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Review - 9 to 5: The Musical: spectacular in every way

By Liv Wilson



9 t0 5: The Musical

Directed by Jeff Calhoun

Choreographed by Lisa Steven

Costume and Set by Tom Rogers

Musically Directed by James Simpson

Presented by Dolly Parton

Produced by John Frost for Crossroads Live, Suzanne Jones and The Ambassador Theatre Group

Lyric Theatre

Qpac

South Bank

Brisbane


Season: from June 1st until July 2nd Tickets starting from $69 and available through QPAC’s booking site. https://www.qpac.com.au/event/9_to_5_the_musical_22/


9 to 5: The Musical tells the story of Doralee, Violet and Judy, three enterprising workmates pushed to the edge by their mean-spirited boss Franklin Hart Jnr. Resorting to wit, comradery and cunning, they dream up a no holds barred scheme to turn the tables on their controlling supervisor in the most hilariously defiant of ways. Only question is, will the feisty trio manage to change the office culture to reach their full potential or will events unravel when the Chairman pays an unexpected visit?

Crossroads Live Australia’s production of 9 to 5: The Musical was utterly spectacular in every way. As soon as the famous intro to Dolly Parton’s hit song ‘9 to 5’ rang through the Lyric Theatre the audience buzzed and we all knew we were in for a treat. This flawless production showcased some of the highest quality vocals, choreography and set design that I have seen in Australia.

Director Jeff Calhoun masterfully directed the show with the perfect amount of ‘80’s cheese’ whilst still showing sensitivity to the very real, relatable and current issues on the table. Pulling out all the best stops with this show, Calhoun’s seasoned and respected directorial style was showcased beautifully here.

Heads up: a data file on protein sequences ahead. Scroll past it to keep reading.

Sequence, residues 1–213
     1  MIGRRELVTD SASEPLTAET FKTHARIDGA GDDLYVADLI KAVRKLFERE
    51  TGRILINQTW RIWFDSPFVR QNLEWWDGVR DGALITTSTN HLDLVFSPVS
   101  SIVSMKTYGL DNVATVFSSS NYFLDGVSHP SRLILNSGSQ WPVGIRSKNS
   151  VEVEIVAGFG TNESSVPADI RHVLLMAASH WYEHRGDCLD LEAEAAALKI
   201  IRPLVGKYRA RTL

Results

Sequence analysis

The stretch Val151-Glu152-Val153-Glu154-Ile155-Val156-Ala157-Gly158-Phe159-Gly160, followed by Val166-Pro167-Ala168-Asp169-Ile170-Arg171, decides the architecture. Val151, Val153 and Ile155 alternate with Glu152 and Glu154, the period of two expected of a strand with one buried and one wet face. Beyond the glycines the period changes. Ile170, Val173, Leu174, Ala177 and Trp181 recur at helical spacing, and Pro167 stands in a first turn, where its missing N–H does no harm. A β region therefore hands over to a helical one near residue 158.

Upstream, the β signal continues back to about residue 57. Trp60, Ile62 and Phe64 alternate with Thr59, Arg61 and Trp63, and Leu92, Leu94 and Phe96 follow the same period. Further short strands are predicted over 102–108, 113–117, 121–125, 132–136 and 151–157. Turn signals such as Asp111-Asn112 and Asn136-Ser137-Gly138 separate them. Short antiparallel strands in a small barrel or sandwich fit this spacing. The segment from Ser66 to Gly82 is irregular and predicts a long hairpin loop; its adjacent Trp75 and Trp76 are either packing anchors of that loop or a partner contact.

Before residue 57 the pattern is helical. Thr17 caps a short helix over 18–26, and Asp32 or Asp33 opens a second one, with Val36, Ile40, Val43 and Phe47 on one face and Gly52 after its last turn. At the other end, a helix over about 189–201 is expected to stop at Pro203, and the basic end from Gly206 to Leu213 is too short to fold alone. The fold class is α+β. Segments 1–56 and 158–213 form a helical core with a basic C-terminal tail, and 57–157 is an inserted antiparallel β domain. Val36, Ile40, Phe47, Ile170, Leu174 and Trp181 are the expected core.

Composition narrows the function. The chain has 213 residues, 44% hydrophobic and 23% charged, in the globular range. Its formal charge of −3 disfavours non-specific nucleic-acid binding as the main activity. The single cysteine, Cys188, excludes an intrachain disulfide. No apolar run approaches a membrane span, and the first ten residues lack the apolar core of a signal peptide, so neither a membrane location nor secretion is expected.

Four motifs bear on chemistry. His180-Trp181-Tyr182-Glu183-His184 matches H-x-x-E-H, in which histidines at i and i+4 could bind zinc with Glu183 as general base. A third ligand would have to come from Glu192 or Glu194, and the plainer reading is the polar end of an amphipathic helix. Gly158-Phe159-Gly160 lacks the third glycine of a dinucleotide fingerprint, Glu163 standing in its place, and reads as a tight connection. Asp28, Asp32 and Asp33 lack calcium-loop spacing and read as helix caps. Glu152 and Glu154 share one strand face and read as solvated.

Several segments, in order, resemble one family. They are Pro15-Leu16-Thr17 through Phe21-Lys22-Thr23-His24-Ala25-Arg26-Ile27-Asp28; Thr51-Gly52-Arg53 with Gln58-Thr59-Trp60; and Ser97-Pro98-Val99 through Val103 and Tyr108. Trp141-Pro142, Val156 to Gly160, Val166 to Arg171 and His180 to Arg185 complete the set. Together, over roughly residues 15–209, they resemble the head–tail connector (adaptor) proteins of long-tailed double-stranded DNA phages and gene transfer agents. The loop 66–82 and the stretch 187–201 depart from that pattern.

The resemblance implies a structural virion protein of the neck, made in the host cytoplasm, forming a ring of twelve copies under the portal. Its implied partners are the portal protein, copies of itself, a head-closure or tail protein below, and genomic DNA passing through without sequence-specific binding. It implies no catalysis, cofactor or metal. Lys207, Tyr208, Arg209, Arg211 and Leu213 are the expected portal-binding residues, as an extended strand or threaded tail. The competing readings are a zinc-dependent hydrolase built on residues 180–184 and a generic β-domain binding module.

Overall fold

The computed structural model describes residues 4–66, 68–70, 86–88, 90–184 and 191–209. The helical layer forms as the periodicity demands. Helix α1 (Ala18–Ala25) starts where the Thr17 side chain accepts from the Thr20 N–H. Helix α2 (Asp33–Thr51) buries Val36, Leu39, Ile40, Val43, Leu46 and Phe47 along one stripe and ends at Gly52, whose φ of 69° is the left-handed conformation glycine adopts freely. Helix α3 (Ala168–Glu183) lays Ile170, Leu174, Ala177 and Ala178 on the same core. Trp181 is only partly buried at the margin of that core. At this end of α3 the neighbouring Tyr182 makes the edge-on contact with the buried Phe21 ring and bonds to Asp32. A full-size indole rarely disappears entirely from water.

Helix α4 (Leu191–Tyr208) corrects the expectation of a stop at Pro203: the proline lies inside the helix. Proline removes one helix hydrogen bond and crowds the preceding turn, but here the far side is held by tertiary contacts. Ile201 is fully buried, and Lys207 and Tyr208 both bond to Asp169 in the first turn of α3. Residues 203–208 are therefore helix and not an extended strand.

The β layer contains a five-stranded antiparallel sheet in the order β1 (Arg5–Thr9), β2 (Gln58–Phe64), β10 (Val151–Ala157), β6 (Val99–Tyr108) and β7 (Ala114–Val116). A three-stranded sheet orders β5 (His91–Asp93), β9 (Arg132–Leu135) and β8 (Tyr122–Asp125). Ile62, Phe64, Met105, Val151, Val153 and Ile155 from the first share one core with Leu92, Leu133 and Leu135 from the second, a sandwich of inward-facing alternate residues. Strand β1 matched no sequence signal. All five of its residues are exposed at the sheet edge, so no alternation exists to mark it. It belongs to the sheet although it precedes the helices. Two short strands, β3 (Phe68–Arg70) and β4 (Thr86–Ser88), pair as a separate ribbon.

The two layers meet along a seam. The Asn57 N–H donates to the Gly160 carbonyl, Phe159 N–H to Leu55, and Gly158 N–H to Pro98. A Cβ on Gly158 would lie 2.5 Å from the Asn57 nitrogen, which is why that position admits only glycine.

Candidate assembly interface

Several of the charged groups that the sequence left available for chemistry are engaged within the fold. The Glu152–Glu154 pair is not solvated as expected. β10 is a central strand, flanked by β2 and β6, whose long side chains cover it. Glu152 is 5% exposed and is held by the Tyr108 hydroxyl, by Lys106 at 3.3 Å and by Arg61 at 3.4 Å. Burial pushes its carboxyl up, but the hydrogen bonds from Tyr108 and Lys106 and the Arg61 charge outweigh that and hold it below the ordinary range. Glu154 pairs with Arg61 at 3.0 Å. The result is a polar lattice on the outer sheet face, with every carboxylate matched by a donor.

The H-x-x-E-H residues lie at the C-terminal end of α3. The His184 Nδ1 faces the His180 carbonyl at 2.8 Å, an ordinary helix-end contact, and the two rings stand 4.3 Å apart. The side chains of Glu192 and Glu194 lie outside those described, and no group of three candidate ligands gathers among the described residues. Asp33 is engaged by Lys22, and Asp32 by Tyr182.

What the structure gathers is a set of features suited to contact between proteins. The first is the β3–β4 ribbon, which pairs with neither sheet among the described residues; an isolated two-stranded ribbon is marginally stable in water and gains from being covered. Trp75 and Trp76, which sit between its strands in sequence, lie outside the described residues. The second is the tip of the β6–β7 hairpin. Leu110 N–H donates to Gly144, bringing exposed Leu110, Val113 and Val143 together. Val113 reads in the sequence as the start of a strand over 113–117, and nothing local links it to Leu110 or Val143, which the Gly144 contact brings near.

The all-star Australian cast featured Marina Prior as the smart & sassy career-driven woman Violet Newstead, Casey Donovan as the recently separated new recruit Judy Bernly, Erin Clare as the bright & beautiful country gal Doralee Rhodes. Rounding out the main cast was Eddie Perfect as the sleazy and controlling boss Franklin Hart Jnr. and Caroline O’Connor as busy-body Roz Keith.

Marina Prior was stunning as Violet Newstead and put just the right amount of feminist drive into the role. While Prior is typically known for her angelic vocals I was blown away with how well her comedic timing held up during the show. A role like Violet leaves you with nowhere to hide and Prior was on point all night reminding Brisbane exactly why she’s an Australian theater legend.

Erin Clare nailed her characterisation of Doralee and wowed the audience with her perfect Southern drawl and country-Barbie charm. Clare arguably had the toughest role of the night stepping into the shoes of Dolly Parton; however she completely surpassed my expectations of the characterisation and became a crowd favourite instantly. Backwood Barbie was a perfect showcase of Clare’s naturally charming acting while drawing on Parton’s unmistakable tone for the vocals.